Algeria’s profile as a travel destination is about as low as you can go. I first visited the country 20 years ago, when getting around was much trickier than it is today. But during that month-long trip, I found there was much to detain visitors in a country of this scale and variety.
In the south, where Algeria rubs up against sub-Saharan Africa, lies Tamanrasset, a well-known entry point for the phantasmagorical Hoggar Mountains. Further north, around 700km from Algiers, lies Ghardaïa, capital of an enclave comprising seven desert towns whose inhabitants belong to a strict Muslim sect and dress entirely in white. At the country’s far northeastern end, I have spent time in Constantine, which straddles a deep rocky gorge, and have lounged on the deserted beaches between Skikda and the Tunisian border. Algeria boasts a Mediterranean coastline of more than 1,200km, much of it undeveloped, with sandy beaches whose state of preservation the tourist côtes and costas of Europe can only dream of.
Earlier this month, I returned to Algeria for a thrillingly exotic long weekend and spent time in Oran, the vibrant commercial capital of the Mediterranean northwest, and Tlemcen, further west towards Morocco. The flight to Oran was just 90 minutes from Madrid, and Spain felt close in more ways than one: Oran’s energy and Mediterranean zest reminded me of Almería but with a profoundly north African and Islamic character.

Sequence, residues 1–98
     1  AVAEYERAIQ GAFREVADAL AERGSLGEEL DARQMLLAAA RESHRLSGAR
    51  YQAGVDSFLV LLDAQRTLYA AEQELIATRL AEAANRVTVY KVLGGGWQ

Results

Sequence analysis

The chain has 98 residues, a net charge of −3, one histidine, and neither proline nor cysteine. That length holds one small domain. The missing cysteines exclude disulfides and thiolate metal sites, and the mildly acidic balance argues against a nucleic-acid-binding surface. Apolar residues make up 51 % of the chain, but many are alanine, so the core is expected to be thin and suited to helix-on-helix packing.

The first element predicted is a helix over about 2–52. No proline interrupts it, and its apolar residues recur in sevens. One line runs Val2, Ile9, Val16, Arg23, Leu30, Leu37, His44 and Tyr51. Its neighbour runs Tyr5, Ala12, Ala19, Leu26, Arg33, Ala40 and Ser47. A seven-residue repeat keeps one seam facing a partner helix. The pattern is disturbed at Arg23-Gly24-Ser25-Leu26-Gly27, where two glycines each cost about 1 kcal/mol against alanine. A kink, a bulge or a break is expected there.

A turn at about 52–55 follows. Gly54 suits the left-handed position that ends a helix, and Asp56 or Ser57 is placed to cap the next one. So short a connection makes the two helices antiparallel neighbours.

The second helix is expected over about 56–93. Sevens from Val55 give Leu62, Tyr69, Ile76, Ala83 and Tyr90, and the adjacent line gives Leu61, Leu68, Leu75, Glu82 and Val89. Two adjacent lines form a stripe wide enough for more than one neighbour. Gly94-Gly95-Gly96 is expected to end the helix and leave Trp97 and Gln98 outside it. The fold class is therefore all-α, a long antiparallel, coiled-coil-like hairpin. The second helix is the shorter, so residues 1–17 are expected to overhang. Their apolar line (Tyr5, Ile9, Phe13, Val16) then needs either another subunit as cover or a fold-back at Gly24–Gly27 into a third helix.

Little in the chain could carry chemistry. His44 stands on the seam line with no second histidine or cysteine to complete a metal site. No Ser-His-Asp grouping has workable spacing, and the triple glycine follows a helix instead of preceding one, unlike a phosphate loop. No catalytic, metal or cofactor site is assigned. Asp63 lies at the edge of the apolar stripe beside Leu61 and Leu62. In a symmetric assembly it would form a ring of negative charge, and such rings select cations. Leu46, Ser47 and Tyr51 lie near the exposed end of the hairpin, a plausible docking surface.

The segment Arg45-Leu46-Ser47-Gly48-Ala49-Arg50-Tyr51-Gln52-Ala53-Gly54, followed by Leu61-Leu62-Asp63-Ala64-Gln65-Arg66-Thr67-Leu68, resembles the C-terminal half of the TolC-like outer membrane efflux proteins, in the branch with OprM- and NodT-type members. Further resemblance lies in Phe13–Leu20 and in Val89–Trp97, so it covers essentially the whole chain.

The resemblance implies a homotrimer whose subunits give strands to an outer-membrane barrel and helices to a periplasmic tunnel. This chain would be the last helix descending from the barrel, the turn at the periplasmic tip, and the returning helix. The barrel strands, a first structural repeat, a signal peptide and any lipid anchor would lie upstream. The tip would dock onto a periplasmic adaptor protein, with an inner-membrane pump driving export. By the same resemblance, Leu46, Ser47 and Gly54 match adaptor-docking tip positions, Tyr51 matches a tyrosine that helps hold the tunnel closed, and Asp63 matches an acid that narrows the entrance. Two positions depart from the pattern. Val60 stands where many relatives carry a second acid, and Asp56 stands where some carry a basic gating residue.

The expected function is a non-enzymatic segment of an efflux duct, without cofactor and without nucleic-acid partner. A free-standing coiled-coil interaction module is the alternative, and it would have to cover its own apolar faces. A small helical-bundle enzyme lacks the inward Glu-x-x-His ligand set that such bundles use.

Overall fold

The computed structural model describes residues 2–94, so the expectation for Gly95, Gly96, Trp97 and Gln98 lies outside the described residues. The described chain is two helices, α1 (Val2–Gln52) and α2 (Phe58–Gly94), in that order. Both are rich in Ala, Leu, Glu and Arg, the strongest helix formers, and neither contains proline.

For a long time Algeria’s idea of classy accommodation was the raggedy old Saint George in Algiers, which was built in 1889 and has since been renamed Hôtel El Djazaïr. Thankfully, then, the five-star Hotel Le Méridien opened last June. Owned by the state gas company Sonatrach and run by Starwood Hotels and Resorts, Le Méridien sits alongside Oran’s new convention centre, billed as the biggest congress venue in Africa (the main hall has seating for 3,000 people and a screen measuring 80 square metres).
It might not be saying much, but Le Méridien is surely the hippest hotel in Algeria. The 17-floor tower stands on a clifftop at the eastern end of the bay, its jade-green carapace visible for miles around. As I sat in my room on the 14th floor, I took in the signs of renewal and rebirth. The great bay of Oran stretched away towards the west, watched over by the fortress of Santa Cruz. Cargo ships came and went in the busy harbour. Beyond the dust-coloured scatter of the old town, a big sign displaying the number “50” was lit up, commemorating a half-century of proud independence.